The Forgotten Data Centers

Data centers are where the Internet and cloud services live, and so they have been getting lots of public attention in recent years. If we read technology news or research papers, it’s not uncommon that we see IT giants, like Google and Facebook, publicly discuss and share the designs of mega-scale data centers they operate. But, another important type of data center –– multi-tenant data center, or commonly called “colocation”/”colo” –– has been largely hidden from the public and rarely discussed (at least in research papers), although it’s very common in practice and located almost everywhere, from Silicon Valley to the gambling capital, Las Vegas.

Unlike a Google-type data center where the operator manages both IT equipment and the facility, multi-tenant data center is a shared facility where multiple tenants house their own servers in shared space and the data center operator is mainly responsible for facility support (like power, cooling, and space). Although the boundary is blurring, multi-tenant data centers can be generally classified as either a wholesale data center or a retail data center: wholesale data centers (like Digital Realty) primarily serve large tenants, each having a power demand of 500kW or more, while retail data centers (like Equinix) mostly target tenants with smaller demands.

Multi-tenant data centers serve almost all industry sectors, including finance, energy, major web service providers, content delivery network providers, and even some IT giants lease multi-tenant data centers to complement their own data center infrastructure. For example, Google, Microsoft, Amazon, and eBay are all large tenants in a hyper-scale multi-tenant data center in Las Vegas, NV, and Facebook leases a large data center in Singapore to serve its users in Asia.

Multi-tenant data centers and clouds are also closely tied. Many public cloud providers, like SalesForce, which don’t want to or can’t build their own massive data centers, lease capacities from multi-tenant data center providers. Even the largest players in the public clouds, like Amazon, use multi-tenant data centers to quickly expand their services, especially in regions outside the U.S. In addition, with the emergence of hybrid cloud as the most popular option, many companies are housing the entirety of their private clouds in multi-tenant data centers, while large public cloud providers are forging partnership with multi-tenant data center providers to help tenants leverage public clouds to complement their private parts.

Today, the U.S. alone has over 1,400 large multi-tenant data centers, which consumed nearly as five times energy as Google-type data centers all combined (37.3% versus 7.8%, in percentage relative to all data center energy usage, excluding tiny server closets). Driven by the surging demand for web services, cloud computing, and Internet of Things, the multi-tenant data center industry is expected to continue its rapid growth. While the public attention mostly goes to large IT giants who continuously expand their data center infrastructure, multi-tenant data center providers are also building their own, even at a faster pace.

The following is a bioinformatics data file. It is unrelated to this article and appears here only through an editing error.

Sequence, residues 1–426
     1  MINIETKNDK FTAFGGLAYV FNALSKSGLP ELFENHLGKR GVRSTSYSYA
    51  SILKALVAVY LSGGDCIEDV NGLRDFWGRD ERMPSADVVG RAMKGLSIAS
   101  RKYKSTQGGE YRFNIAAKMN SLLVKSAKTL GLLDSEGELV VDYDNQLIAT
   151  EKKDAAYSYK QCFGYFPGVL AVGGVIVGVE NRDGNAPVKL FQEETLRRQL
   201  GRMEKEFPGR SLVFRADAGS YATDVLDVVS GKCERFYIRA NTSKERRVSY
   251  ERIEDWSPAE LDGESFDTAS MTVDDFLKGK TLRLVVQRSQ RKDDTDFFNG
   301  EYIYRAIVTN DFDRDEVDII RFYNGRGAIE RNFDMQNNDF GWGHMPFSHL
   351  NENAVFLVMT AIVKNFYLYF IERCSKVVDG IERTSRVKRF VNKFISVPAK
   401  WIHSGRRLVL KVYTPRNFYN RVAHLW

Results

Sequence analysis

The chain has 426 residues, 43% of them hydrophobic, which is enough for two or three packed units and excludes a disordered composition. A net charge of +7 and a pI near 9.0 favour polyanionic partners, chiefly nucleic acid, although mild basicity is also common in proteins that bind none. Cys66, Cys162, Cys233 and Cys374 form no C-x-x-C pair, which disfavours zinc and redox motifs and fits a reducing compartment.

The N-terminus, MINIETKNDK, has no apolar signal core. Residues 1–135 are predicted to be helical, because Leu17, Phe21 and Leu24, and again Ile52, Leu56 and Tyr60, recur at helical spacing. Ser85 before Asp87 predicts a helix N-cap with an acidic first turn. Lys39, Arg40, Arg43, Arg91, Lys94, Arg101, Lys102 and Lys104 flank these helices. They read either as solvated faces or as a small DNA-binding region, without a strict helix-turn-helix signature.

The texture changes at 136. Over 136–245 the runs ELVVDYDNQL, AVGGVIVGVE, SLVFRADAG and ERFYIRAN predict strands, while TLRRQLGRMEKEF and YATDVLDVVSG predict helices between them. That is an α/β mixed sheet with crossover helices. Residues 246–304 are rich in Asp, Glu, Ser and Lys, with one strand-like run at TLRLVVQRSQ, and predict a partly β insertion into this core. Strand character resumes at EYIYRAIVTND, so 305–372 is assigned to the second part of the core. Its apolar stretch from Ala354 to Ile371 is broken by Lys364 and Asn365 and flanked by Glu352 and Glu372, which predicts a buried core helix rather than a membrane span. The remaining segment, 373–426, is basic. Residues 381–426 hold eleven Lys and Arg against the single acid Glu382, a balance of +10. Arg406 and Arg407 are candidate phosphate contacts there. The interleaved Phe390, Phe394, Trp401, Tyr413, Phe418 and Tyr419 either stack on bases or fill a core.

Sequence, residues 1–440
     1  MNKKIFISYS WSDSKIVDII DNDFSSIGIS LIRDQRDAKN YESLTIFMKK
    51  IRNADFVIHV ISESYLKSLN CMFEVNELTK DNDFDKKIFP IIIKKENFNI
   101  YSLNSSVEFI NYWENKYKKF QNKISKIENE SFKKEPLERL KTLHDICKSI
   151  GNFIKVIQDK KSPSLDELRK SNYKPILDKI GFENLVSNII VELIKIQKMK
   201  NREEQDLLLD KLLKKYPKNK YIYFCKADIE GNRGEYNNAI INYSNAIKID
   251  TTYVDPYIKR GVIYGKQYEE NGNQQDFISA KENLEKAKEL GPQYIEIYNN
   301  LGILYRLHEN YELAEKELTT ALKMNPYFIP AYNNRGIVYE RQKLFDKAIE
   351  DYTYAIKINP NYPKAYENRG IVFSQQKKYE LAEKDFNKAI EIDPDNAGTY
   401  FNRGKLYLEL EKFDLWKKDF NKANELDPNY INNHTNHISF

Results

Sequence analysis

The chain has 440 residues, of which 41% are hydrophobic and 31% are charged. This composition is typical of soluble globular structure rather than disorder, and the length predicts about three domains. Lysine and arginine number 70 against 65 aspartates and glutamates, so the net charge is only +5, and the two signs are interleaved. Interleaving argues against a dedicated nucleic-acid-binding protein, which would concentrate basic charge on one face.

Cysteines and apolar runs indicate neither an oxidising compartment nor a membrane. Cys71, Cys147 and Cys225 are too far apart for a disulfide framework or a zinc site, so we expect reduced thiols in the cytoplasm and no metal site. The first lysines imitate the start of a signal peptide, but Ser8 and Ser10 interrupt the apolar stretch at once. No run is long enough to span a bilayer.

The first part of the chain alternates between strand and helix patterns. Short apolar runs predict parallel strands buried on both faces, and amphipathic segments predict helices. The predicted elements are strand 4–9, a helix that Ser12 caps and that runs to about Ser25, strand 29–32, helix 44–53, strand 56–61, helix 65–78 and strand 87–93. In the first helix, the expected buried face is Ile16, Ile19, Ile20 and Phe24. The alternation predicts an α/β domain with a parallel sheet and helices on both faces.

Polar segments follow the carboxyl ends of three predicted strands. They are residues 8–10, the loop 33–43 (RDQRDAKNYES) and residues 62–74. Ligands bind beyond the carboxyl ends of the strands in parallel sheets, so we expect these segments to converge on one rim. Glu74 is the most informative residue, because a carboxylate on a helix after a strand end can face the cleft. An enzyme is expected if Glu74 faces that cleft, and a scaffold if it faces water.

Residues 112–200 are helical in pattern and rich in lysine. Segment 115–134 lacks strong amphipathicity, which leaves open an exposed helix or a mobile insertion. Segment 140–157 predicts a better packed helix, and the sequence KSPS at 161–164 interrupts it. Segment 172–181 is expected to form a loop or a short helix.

Despite their prominence, multi-tenant data centers have been much less studied than Google-type data centers by the research community. While, these two types of data centers share many of the same high-level goals, like energy efficiency, utilization, and renewable integration; many of the existing approaches proposed for Google-type data centers don’t apply to multi-tenant data centers, which have additional challenges due to the operator’s lack of control over tenants’ servers. Even worse, individual tenants manage their own servers with little coordination with others (in fact, tenants typically don’t even know whom they’re sharing the data center with).

As a concrete example, consider the problem we studied in our recent HPCA’16 paper. Keeping servers’ aggregate power usage always below the data center capacity is extremely important for ensuring data center uptime.  When the aggregate power occasionally exceeds the capacity (called emergency, due to power oversubscription), a common technique used in Google-type data centers is to carefully lower the servers’ power consumption so as to meet multi-level power capacity constraints while minimizing the performance degradation. In a multi-tenant data center, the operator can’t do this –– tenants themselves control the servers. Further, who should reduce power and by how much must be carefully decided to minimize the performance loss, but these decisions require the operator to know tenants’ private information (e.g., what workloads are running, what’s the performance loss if lowering certain servers’ power usage).  So, these challenges can’t be addressed by the existing technological approaches alone; instead, they require novel market designs along with new advances in data center architecture, with the goal of providing mechanisms that are “win-win” for both data center operators and tenants.

The above was one example of the added complexity due to the multi-tenant setting, but there are many others.  We have a few papers on this topic (HPCA’16, HPCA’15, Performance’15, …), but will be looking into it much more in the coming years. We hope others do as well!

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